NFL.com continues its series examining top players at each position in college football. The defensive backs are up. And Michigan State’s Trae Waynes is No. 5. Fellow Spartan Kurtis Drummond also is on the list at No. 8, while Ohio State’s Doran Grant is No. 7.
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Want a ticket for the Michigan-Notre Dame game? Get ready to pay up. The cheapest ticket available via the secondary market? It’s $419.95. I don’t see that price going down, as the last scheduled meeting between these iconic schools should draw lots of interest.
Wanna see Minnesota football coach Jerry Kill dance (sorta)? Check out this video, in which Kill tells students to dance after delivering the commencement speech.
Here’s some more news that won’t shock anyone: Christian Hackenberg already is on the radar of NFL teams. “Hack” had a boffo debut in 2013 and figures to be the first Big Ten quarterback selected in the first round of the NFL draft since … Kerry Collins in 1994!!! I still can’t believe that fact.
When discussing schedules, seven home games often are mentioned as a magical benchmark for schools. Well, the Big Ten is not set on it, apparently, according to this piece by Lee Barfknecht of the Omaha World-Herald. The coming move to nine Big Ten games in 2016 is one factor causing schools to rethink scheduling. The other is lucrative neutral-site games.
The start of the football season is less than 100 days away, if you can believe it. And there are few more anticipated non-conference games than Michigan State’s visit to Oregon. The Spartans are using the summer as prep time to get ready for that high-flying Duck offense led by Heisman contending quarterback Marcus Mariota. MSU will need the extra prep work. Everyone does.
The hype surrounding the Ohio State defensive line already is building. And with good reason. The unit may be the best in the nation, headlined by Noah Spence, Michael Bennett and Joey Bosa. In fact, all three of these guys could be first-round draft picks.
Oh, boy. You know the football season isn’t too far away when someone starts a countdown of some sort. Well, here’s one from the Lincoln Journal Star counting down the Top 25 Big Ten players of 2014. Here are Nos. 11-25. Check back for the rest.
If it’s Friday, it must be time for another football-is-bad-for-your-brain story. (That’s your cue to act shocked.) Then again, these stories are churned out seemingly every day. And, for good reason. THIS JUST IN: Football is a dangerous sport and really can’t be made into a safe sport, no matter how hard P.R. folks or the NFL try to convince you.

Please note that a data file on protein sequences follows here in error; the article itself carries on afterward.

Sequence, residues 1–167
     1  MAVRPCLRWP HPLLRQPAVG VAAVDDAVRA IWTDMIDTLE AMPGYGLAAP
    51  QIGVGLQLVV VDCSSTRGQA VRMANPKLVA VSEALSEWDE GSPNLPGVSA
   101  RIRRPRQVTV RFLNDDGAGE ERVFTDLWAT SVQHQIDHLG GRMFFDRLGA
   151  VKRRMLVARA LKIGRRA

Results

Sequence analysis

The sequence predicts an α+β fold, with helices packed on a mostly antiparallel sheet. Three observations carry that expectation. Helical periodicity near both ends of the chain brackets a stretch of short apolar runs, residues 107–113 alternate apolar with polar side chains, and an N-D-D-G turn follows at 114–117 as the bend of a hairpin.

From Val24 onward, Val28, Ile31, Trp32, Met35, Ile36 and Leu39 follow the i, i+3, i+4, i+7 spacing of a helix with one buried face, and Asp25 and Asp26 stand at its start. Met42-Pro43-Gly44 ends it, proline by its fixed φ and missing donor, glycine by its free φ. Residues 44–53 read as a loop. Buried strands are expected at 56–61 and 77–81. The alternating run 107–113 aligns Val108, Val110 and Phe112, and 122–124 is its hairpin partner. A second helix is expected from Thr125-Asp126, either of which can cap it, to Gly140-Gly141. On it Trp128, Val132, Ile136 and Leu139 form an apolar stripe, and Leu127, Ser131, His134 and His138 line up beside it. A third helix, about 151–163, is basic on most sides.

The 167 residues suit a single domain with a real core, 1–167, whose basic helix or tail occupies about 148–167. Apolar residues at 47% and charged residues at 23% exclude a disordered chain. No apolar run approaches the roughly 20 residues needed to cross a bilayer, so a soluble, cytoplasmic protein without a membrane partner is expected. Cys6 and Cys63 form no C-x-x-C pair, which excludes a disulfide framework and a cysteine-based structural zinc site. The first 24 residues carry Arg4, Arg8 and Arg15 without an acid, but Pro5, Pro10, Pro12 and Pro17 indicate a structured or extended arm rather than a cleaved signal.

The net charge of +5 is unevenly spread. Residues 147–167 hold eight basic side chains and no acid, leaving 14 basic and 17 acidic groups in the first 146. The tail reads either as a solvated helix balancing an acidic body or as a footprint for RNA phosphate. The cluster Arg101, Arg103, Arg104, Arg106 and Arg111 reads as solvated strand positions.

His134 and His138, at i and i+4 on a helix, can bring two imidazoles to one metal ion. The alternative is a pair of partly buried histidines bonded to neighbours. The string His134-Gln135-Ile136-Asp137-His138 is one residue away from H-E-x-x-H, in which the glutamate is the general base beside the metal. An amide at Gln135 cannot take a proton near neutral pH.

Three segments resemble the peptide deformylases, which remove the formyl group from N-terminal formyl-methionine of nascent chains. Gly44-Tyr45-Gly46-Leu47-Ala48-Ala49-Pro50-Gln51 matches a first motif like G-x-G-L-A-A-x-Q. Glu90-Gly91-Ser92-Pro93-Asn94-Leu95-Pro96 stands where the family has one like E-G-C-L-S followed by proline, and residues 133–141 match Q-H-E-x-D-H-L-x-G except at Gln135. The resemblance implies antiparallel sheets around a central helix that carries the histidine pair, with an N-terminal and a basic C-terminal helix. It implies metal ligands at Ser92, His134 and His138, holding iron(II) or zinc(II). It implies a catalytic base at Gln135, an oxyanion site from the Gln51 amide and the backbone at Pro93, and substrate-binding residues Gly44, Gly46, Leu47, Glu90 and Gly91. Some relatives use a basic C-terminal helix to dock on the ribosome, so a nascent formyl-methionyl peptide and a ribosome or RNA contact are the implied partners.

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The Big Ten athletic directors are meeting in Chicago. Envision pitchers of water sitting on tables covered in linen clothes with the smell of Drakkar Noir in the air. Not much big news has emerged from the confab. The topic of the Big Ten’s move East was a hot one.
The Big Ten has gone six years without a top-10 NFL draft pick. Think about that for a moment. As a point of reference, the SEC has had 23 top-10 picks in that span. We won’t even mention the Big Ten’s 2-7 Rose Bowl record and 27-47 bowl mark over the past decade. Oops. Why the struggles? This story tries to explain.
One of the most stunning revelations of the NFL draft was the fact Michigan State had just one pick (CB Darqueze Dennard) off a 13-win team that won all nine Big Ten games by double-digits. This was one of the top squads in league annals!
Last year, the Big Ten had one first-round pick. Things went better last night in what was a good first night at the NFL draft for the Big Ten with four selections. Ohio State led the way with two picks. The first Big Ten player off the board? Michigan offensive tackle Taylor Lewan. He also was the third OT tabbed, going No. 11 to Tennessee.
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It’s NFL draft eve, people! It’s almost here … finally! Stock up on the Ro-Tel and chips. So, I would be remiss if I didn’t include at least ONE mock draft in today’s links, right? Right. This is a good one from CBSSports.com that combines draft experts.
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I wrote recently about how college football needs uniformity when it comes to conference scheduling. The five major leagues all need to play the same number of conference games. The Big Ten, Pac-12, Big 12 and ACC are on board, with each now playing nine or with plans to. But not the SEC, which recently decided that it will remain at eight games. The College Football Playoff Committee won’t tell the leagues what to do. Too bad.
The final spring football attendance figures are in. And the Big Ten accounted for three of the nation’s top six crowds. The Big Ten’s largest? That would be Penn State, which welcomed 72,000 to get a first look at James Franklin’s team.
The Spartans put a bow on spring drills on Saturday. And, this team looks good. Yes, it has some areas to shore up, like defensive tackle and the offensive lines. Still, there is a lot to like. So much so that there is … national championship talk? Yes, your ears aren’t deceiving you.
Northwestern’s union vote will take place on Friday. Hard to really tell what will happen, but results of the vote may not be known for months as the NLRB hears the school’s appeal of it the players are employees. In the meantime, NU is taking no chances, as it has put on a full-court “no union” campaign.